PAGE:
Dental Problems Seen In Children

Children are more vulnerable to dental ailments than adults. This happens because children are still learning how to care for their teeth and maintain good oral health.

Milk teeth are more sensitive to microbial attacks and infections.  Consumption of sweets, candies, and chocolates only increases the severity of the disease.

If a condition is left untreated and undiagnosed there is a potential of the ailment becoming a severe disease. However, they can also be prevented by practicing good oral healthcare. Brushing teeth twice, flossing once, using a very mild mouthwash, etc. daily habits help maintain good oral health in children.

1. Tooth decay or cavity

Tooth decay is a very common condition in children due to a heavy sugar diet and incorrect dental hygiene practices. Tooth decay begins with bacterial growth and plaque accumulation. The plaque, when exposed to certain foods, starts producing acids that eat away the teeth enamel. Carbohydrate and sugar-loaded diet only helps in further plaque build-up. It successfully creates a hole or cavity in the hard surface of the tooth, the enamel. Parents should assist their children in properly brushing their teeth for two to three minutes gently.

 A routine of brushing teeth before sleeping and after waking up will help prevent tooth decay. If you observe tooth decay in your child, reach your nearest dentist for proper treatment. When looking for symptoms, notice if your child complains about teeth sensitivity, toothache, and sharp pain while eating. If cavities are left untreated, they can reach and spread to the deeper parts of the tooth, rotting it all the way.

2. Sensitive teeth

If your child experiences discomfort while eating hot or cold foods and fluids, then they may have sensitive teeth. Children’s enamel is thinner and more delicate than that of adults that is why they are more likely to experience teeth sensitivity. Thinner enamel allows the acid and plaque to work its way easily into the tooth. It may cause the gums to recede, exposing the nerve endings. So, whenever your child consumes something hot or cold, these nerve endings are triggered and cause pain.

Sensitive teeth can be treated by a dentist and you can also look after them at home by yourself. For example, provide your child with a soft-bristled toothbrush or one made especially for children, prevent your child from eating foods that are not too hot or too cold, simply tell them to wait until the food temperature reaches normal room temperature, and lastly, use toothpastes especially manufactured for sensitive teeth. Make sure your child brushes the teeth gently and slowly.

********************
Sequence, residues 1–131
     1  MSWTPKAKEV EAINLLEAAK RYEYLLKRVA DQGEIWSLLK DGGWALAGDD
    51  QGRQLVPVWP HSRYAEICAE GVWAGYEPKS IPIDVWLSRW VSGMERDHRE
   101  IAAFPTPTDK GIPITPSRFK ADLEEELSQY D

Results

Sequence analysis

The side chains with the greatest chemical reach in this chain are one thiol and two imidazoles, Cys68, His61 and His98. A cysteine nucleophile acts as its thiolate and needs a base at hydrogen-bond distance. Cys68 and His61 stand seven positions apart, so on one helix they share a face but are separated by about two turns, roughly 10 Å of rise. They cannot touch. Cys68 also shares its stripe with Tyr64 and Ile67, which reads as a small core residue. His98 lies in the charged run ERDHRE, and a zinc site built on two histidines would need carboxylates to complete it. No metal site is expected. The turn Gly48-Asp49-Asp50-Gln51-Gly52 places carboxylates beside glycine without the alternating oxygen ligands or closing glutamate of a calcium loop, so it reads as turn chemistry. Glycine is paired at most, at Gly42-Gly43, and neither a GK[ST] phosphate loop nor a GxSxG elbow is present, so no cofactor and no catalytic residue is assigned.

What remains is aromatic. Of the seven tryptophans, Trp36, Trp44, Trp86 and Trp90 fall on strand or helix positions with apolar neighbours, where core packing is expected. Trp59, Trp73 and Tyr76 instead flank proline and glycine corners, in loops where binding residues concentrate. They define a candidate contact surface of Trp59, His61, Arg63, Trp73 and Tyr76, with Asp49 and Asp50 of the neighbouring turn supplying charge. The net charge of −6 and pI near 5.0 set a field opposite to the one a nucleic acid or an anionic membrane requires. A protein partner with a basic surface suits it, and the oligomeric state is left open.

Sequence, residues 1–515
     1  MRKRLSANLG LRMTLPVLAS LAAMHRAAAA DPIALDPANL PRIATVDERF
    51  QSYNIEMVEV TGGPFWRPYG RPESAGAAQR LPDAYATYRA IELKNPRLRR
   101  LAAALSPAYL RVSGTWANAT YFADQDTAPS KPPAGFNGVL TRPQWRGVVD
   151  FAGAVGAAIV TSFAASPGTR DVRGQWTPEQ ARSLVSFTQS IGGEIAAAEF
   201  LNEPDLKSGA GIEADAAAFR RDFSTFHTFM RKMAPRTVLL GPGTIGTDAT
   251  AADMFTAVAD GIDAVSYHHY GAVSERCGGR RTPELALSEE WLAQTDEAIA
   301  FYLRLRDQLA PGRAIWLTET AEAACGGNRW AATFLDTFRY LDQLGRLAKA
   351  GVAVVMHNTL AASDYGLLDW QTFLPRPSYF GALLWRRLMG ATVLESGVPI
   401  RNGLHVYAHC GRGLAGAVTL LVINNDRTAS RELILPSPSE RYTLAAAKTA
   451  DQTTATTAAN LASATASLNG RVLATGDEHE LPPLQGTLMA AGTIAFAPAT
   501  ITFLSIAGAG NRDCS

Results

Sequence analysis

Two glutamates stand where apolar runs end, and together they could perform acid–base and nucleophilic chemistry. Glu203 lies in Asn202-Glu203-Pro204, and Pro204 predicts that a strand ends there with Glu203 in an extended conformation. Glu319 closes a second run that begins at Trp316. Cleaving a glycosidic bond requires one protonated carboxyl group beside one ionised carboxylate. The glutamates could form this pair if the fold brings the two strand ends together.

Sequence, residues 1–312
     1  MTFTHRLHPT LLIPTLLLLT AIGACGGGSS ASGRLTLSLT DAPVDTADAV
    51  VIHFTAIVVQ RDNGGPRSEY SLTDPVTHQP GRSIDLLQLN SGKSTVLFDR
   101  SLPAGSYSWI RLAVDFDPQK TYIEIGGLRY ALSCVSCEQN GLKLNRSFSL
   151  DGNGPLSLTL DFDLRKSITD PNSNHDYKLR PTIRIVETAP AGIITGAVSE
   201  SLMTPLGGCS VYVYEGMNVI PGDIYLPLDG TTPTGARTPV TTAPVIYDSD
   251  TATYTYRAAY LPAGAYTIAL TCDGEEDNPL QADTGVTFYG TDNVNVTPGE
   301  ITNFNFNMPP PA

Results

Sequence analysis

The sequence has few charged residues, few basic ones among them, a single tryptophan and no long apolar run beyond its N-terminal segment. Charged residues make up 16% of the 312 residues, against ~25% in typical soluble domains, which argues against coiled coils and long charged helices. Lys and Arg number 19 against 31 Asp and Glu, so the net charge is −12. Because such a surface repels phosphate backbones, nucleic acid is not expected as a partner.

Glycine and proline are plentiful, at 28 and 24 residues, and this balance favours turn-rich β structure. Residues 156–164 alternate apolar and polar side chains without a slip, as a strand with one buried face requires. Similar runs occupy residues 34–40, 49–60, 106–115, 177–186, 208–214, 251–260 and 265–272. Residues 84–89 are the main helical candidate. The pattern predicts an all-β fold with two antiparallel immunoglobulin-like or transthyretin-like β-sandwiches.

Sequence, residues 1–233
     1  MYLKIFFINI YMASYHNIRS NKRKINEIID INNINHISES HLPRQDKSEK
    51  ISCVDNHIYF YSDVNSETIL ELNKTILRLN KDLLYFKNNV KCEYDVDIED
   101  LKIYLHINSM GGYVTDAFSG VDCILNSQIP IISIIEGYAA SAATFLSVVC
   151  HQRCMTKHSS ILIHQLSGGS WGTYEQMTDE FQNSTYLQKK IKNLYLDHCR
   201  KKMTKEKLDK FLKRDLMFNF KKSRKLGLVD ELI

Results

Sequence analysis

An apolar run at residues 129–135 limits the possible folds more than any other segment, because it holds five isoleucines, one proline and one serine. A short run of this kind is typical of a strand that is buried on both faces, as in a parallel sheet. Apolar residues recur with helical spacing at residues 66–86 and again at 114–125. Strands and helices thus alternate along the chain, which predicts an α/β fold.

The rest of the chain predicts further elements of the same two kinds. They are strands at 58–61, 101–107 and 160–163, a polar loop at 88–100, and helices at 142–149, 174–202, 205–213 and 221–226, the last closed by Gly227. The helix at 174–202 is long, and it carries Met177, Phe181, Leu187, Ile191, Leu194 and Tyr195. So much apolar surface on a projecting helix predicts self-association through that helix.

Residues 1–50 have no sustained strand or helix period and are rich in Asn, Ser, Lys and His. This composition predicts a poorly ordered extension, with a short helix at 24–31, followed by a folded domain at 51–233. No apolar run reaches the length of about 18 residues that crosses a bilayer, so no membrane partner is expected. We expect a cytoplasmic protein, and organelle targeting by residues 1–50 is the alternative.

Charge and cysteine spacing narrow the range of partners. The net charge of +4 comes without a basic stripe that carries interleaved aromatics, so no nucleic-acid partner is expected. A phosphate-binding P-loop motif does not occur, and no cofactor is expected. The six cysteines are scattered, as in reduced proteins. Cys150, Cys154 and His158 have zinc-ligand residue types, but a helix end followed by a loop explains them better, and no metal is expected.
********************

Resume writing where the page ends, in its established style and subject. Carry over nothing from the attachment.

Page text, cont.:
3. Bad breath

Regardless of age, bad breath or halitosis can affect anyone. More than often, it is blamed on the food we consume. It is caused due to bacterial growth in the mouth which feeds over leftover food material. They produce hydrogen sulfide which is the major cause of the odour. In children, bad breath is mostly observed after waking up. If it is observed throughout the day you may want to contact your dentist as it is an indication of a larger issue.

4. Gum disease

The inflammation of the gum tissue is called gum disease or gingivitis and it is caused by poor oral hygiene as well as plaque build-up. It can lead to tooth loss and tooth decay. If you observe your child’s gums and they appear swollen and red, that may indicate your child is suffering from gum disease. You can reach out to your dentist for proper treatment.

5. Grinding of teeth

Some children have a habit of grinding their teeth, this condition is called bruxism. Children may do it either because their upper and lower set of teeth are not aligned with each other or they are experiencing some pain in teeth, gums, or even the ears. It is sometimes also a symptom of hyperactivity. If the habit prevails for a long time, it can harm the enamel of the teeth. Your child may be advised to wear a mouth guard during the night to prevent grinding.

6. Thumb sucking

Many babies, infants, and little children resort to thumb sucking during teething. It is not a cause of concern as this habit goes away on its own when the child turns a little older. However, it should be kept in mind that thumb sucking can interfere with the natural teething process and can cause misalignment of teeth. If the thumb sucking is too intense, it can affect milk teeth as well as permanent teeth. If thumb sucking continues beyond age four, children may encounter speech as well as oral problems. You can always reach out to your dentist to help your child break the habit.

7. Tooth loss

Due to the eruption of new permanent teeth, the milk tooth falls out. Each milk tooth is replaced by a strong, permanent, adult one. The cycle of tooth loss is painless.  If your child experiences pain during the falling of teeth, it may be a sign of trauma and injury. Children lose their first teeth by the age of six. Tooth loss earlier than usual can cause incomplete development of permanent teeth, it can hinder the new teeth’ growth. The new teeth may grow out to be brittle, misaligned, or sensitive. Most children grow out their full set of permanent teeth by the time they turn 13 years old.

8. Dental anxiety

Dental anxiety is a very real and horrible experience for some children. When children start to become frightened of dental procedures. As the child grows up, they may refrain from receiving necessary dental procedures due to dental anxiety. The longer a dental procedure is avoided, the more severe the resulting procedure becomes, such as a root canal. Paediatric dentists are specially trained for dental anxiety. It is recommended you take your child to a paediatric dentist as they will be able to create a welcoming atmosphere and help your child have a positive dental experience.